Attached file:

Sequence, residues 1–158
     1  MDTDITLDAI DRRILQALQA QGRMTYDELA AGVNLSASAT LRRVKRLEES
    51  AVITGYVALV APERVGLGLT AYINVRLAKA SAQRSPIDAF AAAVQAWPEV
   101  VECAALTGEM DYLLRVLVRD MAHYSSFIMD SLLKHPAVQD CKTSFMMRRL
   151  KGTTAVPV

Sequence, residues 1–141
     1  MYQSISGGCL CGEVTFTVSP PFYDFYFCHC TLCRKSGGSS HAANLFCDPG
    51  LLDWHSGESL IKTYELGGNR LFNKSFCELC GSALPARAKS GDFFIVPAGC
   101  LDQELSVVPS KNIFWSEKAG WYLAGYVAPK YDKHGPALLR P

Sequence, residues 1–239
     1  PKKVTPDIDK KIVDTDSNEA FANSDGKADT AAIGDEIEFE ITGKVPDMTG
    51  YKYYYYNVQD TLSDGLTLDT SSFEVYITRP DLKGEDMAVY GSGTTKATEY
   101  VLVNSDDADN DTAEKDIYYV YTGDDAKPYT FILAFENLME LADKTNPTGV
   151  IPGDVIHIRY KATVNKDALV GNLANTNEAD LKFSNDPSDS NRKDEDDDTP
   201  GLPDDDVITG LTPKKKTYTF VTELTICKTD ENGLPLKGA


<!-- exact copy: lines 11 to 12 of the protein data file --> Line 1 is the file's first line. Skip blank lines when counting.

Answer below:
     1  PKKVTPDIDK KIVDTDSNEA FANSDGKADT AAIGDEIEFE ITGKVPDMTG
    51  YKYYYYNVQD TLSDGLTLDT SSFEVYITRP DLKGEDMAVY GSGTTKATEY